Selecting the Right Heavy-duty ADB Replacement Parts

Alvarado discussed the pros and cons of several brake system manufacturers. For example, he explained that the Knorr Bremse SB/SN7000 models required fewer maintenance inspections due to fewer parts than the sturdier Meritor EX225 H2 and H3 models.

When replacing brake components, technicians will want to consider the benefits of Celect air disc pads and rotors. We discussed these products in KIRKS’ April 2023 Spotlight on Celect. Their rotors are OE quality, with high braking performance and outstanding wear. They are mill-balanced, ECE R90 Certified, and exceed Federal MVSS No. 121 standards.

Celect Copper-Free Brake Pads will perform with outstanding wear characteristics required by the Better Braking Law 2025 and will maintain high global advanced braking technology standards.

You’ve ‘Got What it Brakes’ to Keep Your ADB System in Top Shape

Diagnosing brake failure can be a daunting task. Rob assists fleet managers in analyzing the complete system and each part to find telltale signs pointing toward the root cause.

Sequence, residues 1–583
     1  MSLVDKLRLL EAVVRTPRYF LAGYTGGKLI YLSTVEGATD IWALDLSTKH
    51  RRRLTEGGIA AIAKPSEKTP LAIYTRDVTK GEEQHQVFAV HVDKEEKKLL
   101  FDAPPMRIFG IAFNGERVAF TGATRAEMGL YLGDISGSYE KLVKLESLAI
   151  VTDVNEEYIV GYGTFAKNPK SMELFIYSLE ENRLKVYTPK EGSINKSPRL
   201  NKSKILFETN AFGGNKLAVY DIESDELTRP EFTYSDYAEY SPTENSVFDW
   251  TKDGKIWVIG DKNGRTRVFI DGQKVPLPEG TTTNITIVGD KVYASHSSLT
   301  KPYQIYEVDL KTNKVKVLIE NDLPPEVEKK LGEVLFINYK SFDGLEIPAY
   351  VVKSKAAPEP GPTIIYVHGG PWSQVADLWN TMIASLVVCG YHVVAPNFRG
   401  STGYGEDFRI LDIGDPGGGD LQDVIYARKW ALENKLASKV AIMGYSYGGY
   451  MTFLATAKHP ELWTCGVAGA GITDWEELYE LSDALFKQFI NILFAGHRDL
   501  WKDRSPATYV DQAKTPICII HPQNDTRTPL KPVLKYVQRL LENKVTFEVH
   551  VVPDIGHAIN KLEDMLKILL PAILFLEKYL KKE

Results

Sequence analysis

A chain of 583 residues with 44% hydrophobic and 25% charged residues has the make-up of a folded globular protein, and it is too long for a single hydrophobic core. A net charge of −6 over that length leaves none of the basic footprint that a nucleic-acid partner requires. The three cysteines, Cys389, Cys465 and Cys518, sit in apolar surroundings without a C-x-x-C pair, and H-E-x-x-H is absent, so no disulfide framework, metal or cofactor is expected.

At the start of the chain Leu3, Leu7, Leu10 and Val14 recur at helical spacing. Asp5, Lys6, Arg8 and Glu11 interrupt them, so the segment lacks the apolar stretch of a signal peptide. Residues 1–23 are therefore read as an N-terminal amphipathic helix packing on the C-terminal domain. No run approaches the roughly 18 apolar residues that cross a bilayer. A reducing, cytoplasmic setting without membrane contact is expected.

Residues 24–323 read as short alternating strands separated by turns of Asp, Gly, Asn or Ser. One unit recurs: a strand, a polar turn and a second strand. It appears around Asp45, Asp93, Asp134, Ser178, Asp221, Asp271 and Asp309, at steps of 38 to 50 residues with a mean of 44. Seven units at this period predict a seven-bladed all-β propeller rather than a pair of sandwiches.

KIRKS ToolBOX connects experts like Rob Alvarado with your technical maintenance squad for personal training. Bob Kirkman stresses the need for professional training. Contact KIRKS and one of our account managers will set up a training session at your location. Combining training with reliable parts will reduce the high incidence of brake system failures and keep your vehicles moving—and stopping—safely.

About CELECT by Celerity Systems

Celerity Systems is part of the Bremsen Technik Group and manufactures Celect products. Celect provides rotors, brake pads, and drum brake linings to equipment manufacturers and aftermarket distributors internationally. 

Kirks Provides Celect Brake Pads and Rotors 

KIRKS has been your partner for parts, providing complete braking solutions for every industry: automotive, heavy-duty truck, industrial equipment, and transit. 

Escape the parts trap! KIRKS product specialists will help you navigate the parts maze. Contact us today